Capcom putting this monster in Monster Hunter Rise: Sunbreak is an unforgivable insult to me personally

You tricked me for a minute, Capcom. You joined this week's Nintendo Direct with a final trailer for Monster Hunter Rise's Sunbreak expansion, which hit both the Switch and PC this week, and got me all excited about taking down new monsters alongside human NPCs for the first time. You reminded me of how wildly acrobatic Rise's movement system is, and how sickeningly satisfying it is to vault over the handle of a greatsword and smash it into a dragon's face. You got me psyched.

And then you ruined it. You just had to end your trailer with one more thing, didn't you? One last bit of news: an update coming to Sunbreak in August. That should be good news, but instead it's guaranteed to make my life hell. The second I saw that scaly bomb fall from the sky I knew you'd done something unforgiveable. You added an even more miserable version of Bazelgeuse to fight, just to torment me.

Really? This scumbag? This conceited prick who loves to horn in on fights he wasn't invited to and crap bombs all over everyone's heads? Did you cackle when you decided to arm this explosive asshole with even greater power? Despicable! 

It's Meryl Streep yelling

(Image credit: Meryl Streep)

There are no doubt legions of Monster Hunter players who saw Seething Bazelgeuse appear at the end of the Sunbreak trailer and thought, yesss, another savage beast for me to kill. Meanwhile, here's me yelling GTFO at my screen:

Am I salty? Oh, I'm salty. I look back at 2018 as a great year: Not only could I go outside without worrying about catching a deadly virus, but when I stayed inside I had an obsession with Monster Hunter: World to keep me busy. It was my first Monster Hunter, and I loved it—until World's supervillain, Bazelgeuse, started making my hunts a living nightmare. In the earlier hunting ranks in World, most of your expeditions only feature a few monsters in the environment at one time, and they don't tend to cross paths too often. When they do, they have a little scuffle and then one scurries off defeated. 

But Bazelgeuse doesn't play by those rules. Once you hit a high enough rank to start encountering him, Bazelgeuse starts showing up to carpet bomb you all the time. Any biome, practically any hunt: He shows up at the door with a gift, and that gift is him ruining your day.

I'd be having a nice casual hunt, slicing a weak little Pukei-Pukei or Great Jagras to ribbons, and then there's Bazel, dropping bombs on my head out of nowhere. All of a sudden I had to run through a minefield of explosive scales waiting for an opportunity to hit Bazelgeuse enough times in the face to make him fly away—for all of five minutes, and then he'd come swooping back in to be annoying again.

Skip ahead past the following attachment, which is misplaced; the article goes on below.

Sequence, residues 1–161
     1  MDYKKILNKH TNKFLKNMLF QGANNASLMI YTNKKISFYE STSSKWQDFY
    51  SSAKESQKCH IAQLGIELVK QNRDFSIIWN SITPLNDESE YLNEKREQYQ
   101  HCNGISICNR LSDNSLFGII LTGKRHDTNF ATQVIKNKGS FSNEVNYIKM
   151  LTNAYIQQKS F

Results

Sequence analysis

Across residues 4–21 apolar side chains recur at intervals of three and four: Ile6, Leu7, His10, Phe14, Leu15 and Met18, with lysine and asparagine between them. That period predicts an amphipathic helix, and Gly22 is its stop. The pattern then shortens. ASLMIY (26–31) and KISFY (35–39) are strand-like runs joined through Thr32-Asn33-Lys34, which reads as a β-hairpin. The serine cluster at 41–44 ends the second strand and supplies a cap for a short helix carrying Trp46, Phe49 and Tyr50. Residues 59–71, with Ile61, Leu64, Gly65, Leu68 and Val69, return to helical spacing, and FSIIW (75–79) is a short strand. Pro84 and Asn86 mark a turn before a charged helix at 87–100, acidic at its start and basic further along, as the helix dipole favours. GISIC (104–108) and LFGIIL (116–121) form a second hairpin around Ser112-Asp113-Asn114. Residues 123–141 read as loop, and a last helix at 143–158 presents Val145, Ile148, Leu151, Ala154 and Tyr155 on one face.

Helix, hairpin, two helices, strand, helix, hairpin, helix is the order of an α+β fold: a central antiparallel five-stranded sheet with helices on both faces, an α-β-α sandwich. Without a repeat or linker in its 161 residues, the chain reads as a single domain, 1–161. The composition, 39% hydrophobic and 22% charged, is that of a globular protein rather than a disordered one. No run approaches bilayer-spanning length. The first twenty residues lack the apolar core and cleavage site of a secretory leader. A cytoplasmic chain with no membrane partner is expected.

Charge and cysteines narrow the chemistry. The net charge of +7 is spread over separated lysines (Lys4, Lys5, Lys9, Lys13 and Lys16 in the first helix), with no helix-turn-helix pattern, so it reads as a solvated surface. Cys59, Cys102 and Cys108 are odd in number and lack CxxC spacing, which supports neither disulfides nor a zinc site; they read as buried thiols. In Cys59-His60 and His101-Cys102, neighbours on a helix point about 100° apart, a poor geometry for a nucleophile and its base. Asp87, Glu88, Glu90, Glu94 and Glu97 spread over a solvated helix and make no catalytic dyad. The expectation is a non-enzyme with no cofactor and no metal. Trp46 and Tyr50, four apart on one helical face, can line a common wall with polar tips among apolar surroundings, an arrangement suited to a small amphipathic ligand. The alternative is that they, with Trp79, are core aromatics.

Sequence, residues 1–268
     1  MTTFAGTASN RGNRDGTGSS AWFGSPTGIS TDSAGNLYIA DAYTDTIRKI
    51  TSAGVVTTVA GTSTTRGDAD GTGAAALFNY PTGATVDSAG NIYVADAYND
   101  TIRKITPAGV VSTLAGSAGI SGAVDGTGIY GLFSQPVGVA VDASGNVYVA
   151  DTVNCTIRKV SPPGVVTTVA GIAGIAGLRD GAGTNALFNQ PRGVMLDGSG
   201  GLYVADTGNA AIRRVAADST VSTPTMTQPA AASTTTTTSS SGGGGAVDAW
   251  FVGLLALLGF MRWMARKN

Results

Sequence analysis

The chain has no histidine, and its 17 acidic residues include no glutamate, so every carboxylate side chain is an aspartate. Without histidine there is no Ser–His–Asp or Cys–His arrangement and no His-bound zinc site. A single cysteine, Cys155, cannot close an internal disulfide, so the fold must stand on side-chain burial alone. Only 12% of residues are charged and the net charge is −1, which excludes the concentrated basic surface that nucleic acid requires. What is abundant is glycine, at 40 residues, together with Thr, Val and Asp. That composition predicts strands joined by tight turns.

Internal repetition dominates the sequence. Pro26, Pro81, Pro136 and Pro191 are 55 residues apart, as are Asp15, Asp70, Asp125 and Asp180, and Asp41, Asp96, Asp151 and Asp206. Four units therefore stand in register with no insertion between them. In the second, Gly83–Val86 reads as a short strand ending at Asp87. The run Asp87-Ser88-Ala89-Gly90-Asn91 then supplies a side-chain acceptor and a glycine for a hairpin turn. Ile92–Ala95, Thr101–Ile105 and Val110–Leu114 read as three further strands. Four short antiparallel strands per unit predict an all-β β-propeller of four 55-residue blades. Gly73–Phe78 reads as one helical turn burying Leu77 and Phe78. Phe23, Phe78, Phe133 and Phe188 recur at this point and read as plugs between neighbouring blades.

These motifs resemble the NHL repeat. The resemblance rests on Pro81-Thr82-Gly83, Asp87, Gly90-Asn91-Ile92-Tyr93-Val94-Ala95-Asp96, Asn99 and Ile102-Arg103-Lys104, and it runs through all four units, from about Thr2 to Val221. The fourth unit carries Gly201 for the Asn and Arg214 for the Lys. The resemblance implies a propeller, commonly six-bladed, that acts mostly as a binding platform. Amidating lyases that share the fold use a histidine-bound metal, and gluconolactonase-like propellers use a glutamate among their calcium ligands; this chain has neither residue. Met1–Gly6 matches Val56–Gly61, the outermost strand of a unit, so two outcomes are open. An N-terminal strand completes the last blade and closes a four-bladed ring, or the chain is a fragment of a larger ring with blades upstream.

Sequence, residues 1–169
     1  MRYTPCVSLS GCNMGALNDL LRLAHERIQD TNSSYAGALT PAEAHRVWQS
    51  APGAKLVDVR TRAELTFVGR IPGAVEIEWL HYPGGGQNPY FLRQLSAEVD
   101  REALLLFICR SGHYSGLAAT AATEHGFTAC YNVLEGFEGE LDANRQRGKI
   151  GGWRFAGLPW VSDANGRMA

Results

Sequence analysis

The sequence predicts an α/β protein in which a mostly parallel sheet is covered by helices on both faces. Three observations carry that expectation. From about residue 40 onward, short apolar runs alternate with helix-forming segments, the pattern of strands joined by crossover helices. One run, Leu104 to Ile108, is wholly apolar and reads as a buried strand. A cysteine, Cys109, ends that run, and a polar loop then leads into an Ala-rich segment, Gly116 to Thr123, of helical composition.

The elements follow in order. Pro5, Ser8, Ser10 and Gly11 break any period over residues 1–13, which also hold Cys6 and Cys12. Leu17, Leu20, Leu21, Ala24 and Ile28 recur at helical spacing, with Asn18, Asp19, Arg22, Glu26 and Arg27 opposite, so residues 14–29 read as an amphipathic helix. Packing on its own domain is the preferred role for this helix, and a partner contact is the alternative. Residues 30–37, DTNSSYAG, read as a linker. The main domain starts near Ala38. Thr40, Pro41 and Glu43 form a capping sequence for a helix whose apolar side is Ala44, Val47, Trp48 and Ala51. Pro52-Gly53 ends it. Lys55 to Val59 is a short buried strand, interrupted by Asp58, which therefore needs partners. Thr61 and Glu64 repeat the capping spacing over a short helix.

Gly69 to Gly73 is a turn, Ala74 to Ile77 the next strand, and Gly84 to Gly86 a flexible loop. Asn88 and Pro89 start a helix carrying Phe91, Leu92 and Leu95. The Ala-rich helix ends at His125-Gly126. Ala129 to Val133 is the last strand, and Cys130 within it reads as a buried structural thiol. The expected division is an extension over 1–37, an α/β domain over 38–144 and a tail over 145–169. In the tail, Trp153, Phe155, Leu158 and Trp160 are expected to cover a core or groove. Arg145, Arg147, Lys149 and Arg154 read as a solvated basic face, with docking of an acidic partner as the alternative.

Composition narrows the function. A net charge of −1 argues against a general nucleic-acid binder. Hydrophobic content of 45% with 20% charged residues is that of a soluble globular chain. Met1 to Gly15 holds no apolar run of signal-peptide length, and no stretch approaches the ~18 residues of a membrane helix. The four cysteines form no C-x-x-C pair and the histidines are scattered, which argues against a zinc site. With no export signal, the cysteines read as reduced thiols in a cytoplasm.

Bazelgeuse's ubiquity became a running joke among Monster Hunter players when World came out. This Reddit thread asking "Why is the Bazelgeuse so intrusive?" is a prime example. "Seriously, this fucker will show up to any party he's not invited," the Redditor says. "Ten hunts today, all ten times he showed up, bombed the party then left covered in shit." (That last bit is literal: you can hurl dung at monsters to drive them away.)

Bazel, Bagel, the B-52 Bomber, the Flying Asshole—he goes by many names. His musical theme is practically Monster Hunter's version of the Imperial March warning everyone that Darth Vader's about to show up. Bazelgeuse's villainous behavior won over plenty of Monster Hunter players: He earned begrudging respect, fan art, and the love of everyone who appreciates absolute trollish behavior.

But here's my theory. All that love? Stockholm Syndrome. Bazelgeuse is actually pure evil, and putting an amped-up version of him in Sunbreak is Capcom torturing its fans and getting thanked for it. 

Wake up, hunters! Reject Capcom's tyranny. Don't allow Seething Bazelgeuse onto your SSDs come August. He'll only make your hunts waking nightmares, setting your nerves on edge the entire time as you wait for that music to signal his arrival. Any fun you have fighting him is definitely a figment of your imagination, and this whole article is definitely not just me projecting because I'm very bad at fighting Bazelgeuse and he scares me.

Just promise me one thing if I endure this burden, Capcom: Please, please don't make me fight Lunastra again. Anything but that.

Wes Fenlon
Senior Editor

Wes has been covering games and hardware for more than 10 years, first at tech sites like The Wirecutter and Tested before joining the PC Gamer team in 2014. Wes plays a little bit of everything, but he'll always jump at the chance to cover emulation and Japanese games.

When he's not obsessively optimizing and re-optimizing a tangle of conveyor belts in Satisfactory (it's really becoming a problem), he's probably playing a 20-year-old Final Fantasy or some opaque ASCII roguelike. With a focus on writing and editing features, he seeks out personal stories and in-depth histories from the corners of PC gaming and its niche communities. 50% pizza by volume (deep dish, to be specific).